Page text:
Does Big Finance = Big Tobacco now?

Analysts are trying to decipher the content and implications of the Senate’s financial regulation bill. Noam Scheiber and James Pethokoukis have surprisingly similar takes, in that the bill doesn’t directly address the "too big to fail" problem, though Scheiber thinks it does address the problem indirectly.  Both takes are worth reading. Touching on a point ...

By , a professor of international politics at the Fletcher School of Law and Diplomacy at Tufts University.

Analysts are trying to decipher the content and implications of the Senate's financial regulation bill. Noam Scheiber and James Pethokoukis have surprisingly similar takes, in that the bill doesn't directly address the "too big to fail" problem, though Scheiber thinks it does address the problem indirectly. 

Both takes are worth reading. Touching on a point I have made previously, however, I was struck by this Pethokoukis point: 

Wall Street has an enduring PR problem. Yes, big banks are unpopular. But it has gotten so bad that they may not be able to so easily counter their image issues with campaign cash. Getting Wall Street money now has a stigma attached to it like oil and tobacco money. Candidates like Meg Whitman in California and John Kasich are getting hammered for their Wall Street ties. The industry’s continued unpopularity will no doubt spawn further attempts to tax, regulate and restrict the sector.

Analysts are trying to decipher the content and implications of the Senate’s financial regulation bill. Noam Scheiber and James Pethokoukis have surprisingly similar takes, in that the bill doesn’t directly address the "too big to fail" problem, though Scheiber thinks it does address the problem indirectly.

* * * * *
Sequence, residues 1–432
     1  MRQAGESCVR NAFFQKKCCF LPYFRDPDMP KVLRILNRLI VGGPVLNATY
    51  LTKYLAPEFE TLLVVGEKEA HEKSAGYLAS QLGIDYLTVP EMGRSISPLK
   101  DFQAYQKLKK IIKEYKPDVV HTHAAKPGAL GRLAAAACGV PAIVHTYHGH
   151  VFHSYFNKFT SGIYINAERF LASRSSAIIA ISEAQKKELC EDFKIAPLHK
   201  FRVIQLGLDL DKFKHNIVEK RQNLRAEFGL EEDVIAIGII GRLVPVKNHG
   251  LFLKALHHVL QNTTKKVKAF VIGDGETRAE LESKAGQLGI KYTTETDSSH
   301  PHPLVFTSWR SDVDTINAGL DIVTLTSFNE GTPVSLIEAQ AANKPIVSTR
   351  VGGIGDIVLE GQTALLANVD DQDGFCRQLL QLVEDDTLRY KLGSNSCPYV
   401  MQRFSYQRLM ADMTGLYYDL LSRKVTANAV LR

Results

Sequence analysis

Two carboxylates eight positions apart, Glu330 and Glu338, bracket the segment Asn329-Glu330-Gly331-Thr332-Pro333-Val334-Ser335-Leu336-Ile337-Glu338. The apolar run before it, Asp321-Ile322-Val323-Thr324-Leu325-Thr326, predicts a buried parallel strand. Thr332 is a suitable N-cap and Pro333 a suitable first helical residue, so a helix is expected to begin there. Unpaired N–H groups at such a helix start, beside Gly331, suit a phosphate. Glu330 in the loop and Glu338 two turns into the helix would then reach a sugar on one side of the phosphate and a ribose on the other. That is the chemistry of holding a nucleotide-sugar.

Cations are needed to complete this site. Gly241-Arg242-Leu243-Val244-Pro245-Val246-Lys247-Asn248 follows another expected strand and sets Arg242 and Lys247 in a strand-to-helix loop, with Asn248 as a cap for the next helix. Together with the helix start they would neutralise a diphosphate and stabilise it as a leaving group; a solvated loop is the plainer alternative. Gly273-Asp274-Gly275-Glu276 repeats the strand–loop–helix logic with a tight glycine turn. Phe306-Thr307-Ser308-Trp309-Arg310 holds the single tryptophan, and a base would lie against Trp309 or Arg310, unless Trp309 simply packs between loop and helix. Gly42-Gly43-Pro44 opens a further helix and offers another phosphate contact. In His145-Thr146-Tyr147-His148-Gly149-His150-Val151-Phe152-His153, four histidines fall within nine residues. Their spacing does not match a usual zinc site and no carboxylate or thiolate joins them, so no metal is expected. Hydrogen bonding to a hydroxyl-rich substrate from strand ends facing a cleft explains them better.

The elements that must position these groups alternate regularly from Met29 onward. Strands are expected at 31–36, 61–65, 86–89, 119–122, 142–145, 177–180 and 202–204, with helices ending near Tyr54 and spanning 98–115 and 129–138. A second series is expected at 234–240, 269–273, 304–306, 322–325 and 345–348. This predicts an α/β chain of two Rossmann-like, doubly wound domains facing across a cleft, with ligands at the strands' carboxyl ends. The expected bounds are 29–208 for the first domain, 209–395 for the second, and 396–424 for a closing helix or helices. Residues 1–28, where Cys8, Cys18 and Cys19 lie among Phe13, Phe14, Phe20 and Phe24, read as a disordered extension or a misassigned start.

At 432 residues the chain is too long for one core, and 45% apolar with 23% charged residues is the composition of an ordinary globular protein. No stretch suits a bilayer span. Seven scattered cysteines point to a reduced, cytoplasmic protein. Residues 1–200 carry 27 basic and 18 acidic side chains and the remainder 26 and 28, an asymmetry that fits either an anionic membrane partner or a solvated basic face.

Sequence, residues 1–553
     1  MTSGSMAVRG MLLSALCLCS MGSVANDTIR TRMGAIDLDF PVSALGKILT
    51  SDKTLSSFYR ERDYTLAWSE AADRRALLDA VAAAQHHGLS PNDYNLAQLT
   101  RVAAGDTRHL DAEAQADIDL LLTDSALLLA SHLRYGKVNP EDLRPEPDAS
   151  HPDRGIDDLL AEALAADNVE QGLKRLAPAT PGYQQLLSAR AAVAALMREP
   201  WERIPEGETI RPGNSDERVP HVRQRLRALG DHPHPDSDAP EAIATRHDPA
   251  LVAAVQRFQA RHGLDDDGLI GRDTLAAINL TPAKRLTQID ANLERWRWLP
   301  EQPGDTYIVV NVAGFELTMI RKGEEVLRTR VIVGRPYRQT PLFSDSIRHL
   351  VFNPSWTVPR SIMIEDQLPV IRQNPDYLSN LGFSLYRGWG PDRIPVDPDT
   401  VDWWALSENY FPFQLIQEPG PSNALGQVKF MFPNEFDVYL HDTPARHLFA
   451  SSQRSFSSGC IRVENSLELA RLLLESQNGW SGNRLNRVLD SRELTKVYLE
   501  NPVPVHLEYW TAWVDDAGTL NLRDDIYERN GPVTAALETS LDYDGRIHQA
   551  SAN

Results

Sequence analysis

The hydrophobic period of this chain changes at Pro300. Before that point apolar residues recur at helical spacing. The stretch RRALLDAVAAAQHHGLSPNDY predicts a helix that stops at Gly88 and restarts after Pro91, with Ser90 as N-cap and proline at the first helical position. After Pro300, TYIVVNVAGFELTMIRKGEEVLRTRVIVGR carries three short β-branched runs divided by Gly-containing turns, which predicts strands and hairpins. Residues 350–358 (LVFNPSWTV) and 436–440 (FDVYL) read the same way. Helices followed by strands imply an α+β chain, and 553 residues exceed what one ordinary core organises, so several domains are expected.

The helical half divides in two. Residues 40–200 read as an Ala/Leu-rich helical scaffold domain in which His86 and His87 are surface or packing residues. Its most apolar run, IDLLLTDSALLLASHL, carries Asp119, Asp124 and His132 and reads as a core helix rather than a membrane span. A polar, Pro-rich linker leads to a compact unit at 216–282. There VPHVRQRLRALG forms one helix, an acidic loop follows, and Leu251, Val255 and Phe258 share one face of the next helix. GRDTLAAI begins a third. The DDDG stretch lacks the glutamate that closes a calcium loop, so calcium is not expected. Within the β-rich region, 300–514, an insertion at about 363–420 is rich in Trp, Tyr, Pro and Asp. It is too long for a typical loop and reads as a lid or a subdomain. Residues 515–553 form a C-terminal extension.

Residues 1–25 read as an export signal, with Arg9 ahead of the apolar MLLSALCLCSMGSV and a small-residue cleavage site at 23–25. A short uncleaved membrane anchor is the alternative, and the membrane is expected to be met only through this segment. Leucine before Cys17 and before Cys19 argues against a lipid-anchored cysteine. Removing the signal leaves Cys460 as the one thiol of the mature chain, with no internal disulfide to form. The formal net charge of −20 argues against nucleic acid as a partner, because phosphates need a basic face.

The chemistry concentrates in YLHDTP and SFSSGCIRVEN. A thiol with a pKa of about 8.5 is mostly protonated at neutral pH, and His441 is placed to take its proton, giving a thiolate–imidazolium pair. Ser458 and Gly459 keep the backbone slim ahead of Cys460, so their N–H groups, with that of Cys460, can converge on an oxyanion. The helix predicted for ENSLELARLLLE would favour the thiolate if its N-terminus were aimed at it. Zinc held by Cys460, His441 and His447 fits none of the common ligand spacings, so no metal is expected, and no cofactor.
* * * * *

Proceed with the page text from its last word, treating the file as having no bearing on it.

Both takes are worth reading. Touching on a point I have made previously, however, I was struck by this Pethokoukis point: 

Wall Street has an enduring PR problem. Yes, big banks are unpopular. But it has gotten so bad that they may not be able to so easily counter their image issues with campaign cash. Getting Wall Street money now has a stigma attached to it like oil and tobacco money. Candidates like Meg Whitman in California and John Kasich are getting hammered for their Wall Street ties. The industry’s continued unpopularity will no doubt spawn further attempts to tax, regulate and restrict the sector.

If the public stays this outraged for this lomg, then Pethokoukis is right. The political problems of finance are becoming so great that we could be talking about a shift in social norms with regard to what is considered "honorable" work.  

Of course, paradoxically, this could serve to increase the salaraies of those still willing to go into finance. As Adam Smith pointed out in Wealth of Nations

[T]he wages of labour vary with… the honourableness or dishonourableness of the employment…. Honour makes a great part of the reward of all honourable professions. In point of pecuniary gain, all things considered, they are generally under-recompensed, as I shall endeavour to show by and by. Disgrace has the contrary effect. The trade of a butcher is a brutal and an odious business; but it is in most places more profitable than the greater part of common trades. The most detestable of all employments, that of public executioner, is, in proportion to the quantity of work done, better paid than any common trade whatever.

Question to readers: Will the social stigma against Big Finance persist or fade as the economy bounces back? 

Daniel W. Drezner is a professor of international politics at the Fletcher School of Law and Diplomacy at Tufts University, where he is the co-director of the Russia and Eurasia Program. Twitter: @dandrezner

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